Download the Pontoon Boat registration form, information and schedule here:
Download the Canoe registration form, information and schedule here:
Sunday is a busy day in the Meadowlands, with a free guided nature walk at 10 a.m. at DeKorte Park in Lyndhurst and the first Birding for Beginners class at DeKorte at 1 p.m.
More on Downies here.
A big thank you to everyone who submitted a name for our World Series of Birding team. Although we had lots of great choices from the 49 suggested names, we have decided to go with the Meadowlands Marsh Hawks, submitted by Mike Gempp. (Thanks, Mike!)
Although we had thought we wanted a Bergen-oriented name, we decided that the Meadowlands Marsh Hawks made us more recognizable.
We are now frantically putting together a "logo-type thing," which we will post shortly, along with more info on our team and the bird-banding project we are raising money for. Thanks again to all.
In recent days, DeKorte's Center for Environmental and Scientific Education has been providing young students with unusual looks at the Sun as part of the Meadowlands Environment Center's Solar Energy program.
Above, a class from Elizabeth is getting a peek at sunspots (below) through a Coronado SolarMax 90 telescope with a hydrogen-alpha filter. (That's why the Sun appears to be red in the photo, taken by the MEC's John Rusher. Thanks, John).
The Meadowlands gets a few of these noctural raptors each winter, but they tend to be far more secretive than this.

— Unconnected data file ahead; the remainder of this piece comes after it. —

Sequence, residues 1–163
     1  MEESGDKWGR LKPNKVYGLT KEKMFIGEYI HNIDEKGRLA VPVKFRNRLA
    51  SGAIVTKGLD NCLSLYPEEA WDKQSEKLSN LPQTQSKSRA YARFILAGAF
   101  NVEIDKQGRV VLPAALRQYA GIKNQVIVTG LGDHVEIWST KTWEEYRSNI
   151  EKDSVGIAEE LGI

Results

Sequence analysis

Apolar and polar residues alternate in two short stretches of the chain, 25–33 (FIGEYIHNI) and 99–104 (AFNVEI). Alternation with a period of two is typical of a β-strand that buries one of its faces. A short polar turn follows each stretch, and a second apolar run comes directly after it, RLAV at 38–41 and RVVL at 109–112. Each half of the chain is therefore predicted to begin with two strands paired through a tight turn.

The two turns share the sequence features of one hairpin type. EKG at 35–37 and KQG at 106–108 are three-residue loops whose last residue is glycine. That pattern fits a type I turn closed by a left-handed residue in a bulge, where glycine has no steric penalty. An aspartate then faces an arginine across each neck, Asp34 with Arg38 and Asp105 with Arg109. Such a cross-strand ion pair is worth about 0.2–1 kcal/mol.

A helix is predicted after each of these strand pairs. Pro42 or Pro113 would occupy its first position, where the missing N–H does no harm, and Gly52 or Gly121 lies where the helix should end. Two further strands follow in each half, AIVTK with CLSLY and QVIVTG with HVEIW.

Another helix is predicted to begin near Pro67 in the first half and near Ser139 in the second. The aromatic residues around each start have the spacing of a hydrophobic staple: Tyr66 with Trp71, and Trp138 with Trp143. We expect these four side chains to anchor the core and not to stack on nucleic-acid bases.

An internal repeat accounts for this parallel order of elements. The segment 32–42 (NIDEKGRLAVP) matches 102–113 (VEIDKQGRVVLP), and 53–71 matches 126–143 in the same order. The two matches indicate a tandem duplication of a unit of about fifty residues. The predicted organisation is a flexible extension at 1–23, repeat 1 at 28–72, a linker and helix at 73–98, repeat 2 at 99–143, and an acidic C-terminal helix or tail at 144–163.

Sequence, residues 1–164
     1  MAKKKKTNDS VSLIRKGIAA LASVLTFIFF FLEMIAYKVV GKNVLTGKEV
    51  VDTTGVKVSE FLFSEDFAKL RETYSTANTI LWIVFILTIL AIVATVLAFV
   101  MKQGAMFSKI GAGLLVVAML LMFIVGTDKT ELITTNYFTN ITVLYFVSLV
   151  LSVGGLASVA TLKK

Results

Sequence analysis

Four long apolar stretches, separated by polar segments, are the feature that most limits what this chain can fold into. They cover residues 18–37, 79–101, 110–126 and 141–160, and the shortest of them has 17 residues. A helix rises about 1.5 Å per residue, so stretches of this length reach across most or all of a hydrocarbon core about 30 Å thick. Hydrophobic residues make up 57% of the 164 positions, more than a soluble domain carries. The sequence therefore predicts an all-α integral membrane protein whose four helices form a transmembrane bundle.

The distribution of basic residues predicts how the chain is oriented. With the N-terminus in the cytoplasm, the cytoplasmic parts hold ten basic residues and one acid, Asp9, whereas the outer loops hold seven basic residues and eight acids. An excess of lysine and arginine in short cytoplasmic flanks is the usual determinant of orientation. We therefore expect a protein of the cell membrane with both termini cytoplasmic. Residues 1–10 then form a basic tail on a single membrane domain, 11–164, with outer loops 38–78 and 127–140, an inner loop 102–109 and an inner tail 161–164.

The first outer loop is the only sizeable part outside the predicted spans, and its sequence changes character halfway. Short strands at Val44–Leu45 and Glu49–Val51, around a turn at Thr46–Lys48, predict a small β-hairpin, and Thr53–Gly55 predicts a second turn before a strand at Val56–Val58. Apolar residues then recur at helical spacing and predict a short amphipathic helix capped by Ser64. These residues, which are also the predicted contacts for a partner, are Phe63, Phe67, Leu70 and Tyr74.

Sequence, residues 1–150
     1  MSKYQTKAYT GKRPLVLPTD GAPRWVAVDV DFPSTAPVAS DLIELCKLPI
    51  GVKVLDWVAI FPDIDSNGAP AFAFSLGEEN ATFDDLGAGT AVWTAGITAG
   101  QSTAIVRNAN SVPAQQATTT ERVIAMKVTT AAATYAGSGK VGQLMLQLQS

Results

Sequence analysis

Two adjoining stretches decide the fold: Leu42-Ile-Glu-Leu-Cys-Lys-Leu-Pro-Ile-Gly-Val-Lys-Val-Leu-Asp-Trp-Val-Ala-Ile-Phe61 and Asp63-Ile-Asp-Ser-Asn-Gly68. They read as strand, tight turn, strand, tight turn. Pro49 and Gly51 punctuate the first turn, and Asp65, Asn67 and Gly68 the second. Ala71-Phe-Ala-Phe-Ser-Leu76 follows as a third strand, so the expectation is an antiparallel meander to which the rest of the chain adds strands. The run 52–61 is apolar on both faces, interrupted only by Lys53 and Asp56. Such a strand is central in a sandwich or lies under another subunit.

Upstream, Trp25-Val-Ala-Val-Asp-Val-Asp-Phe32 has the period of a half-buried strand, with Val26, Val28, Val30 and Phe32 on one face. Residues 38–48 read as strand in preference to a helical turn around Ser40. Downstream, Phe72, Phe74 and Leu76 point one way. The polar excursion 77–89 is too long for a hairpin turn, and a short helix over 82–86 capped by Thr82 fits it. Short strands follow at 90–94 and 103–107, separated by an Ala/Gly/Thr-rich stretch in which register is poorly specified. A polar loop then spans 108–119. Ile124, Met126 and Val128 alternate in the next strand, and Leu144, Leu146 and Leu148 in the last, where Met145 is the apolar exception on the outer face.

More on Long-eared Owls here. (Thanks, Marilyn!)
Wonder no more.
Sue Lewicki of the Meadowlands Environment Center says: “These are our practice archaeological dig pits for our field trip program entitled ‘Peek at the Past.’ Students are introduced to Meadowlands history through maps and artifact study.
“We have a collection of artifacts from early 20th century in the Science Building, but, weather permitting, students are also introduced to proper dig techniques (it’s a lot more “scraping” than digging) and we used the gridded pits to organize teams in unearthing their own specimens.
“We never really are sure what contributions people have shoved in the soil recently, but occasionally the student haul up something that we didn’t plant and that’s genuinely been in the load of soil (who knows where it came from) for a long time – the 1950s Mountain Dew bottle with the hillbilly was my favorite (‘It’ll Tickle Yore Innards’ – they just don’t write catch phrases like that anymore).”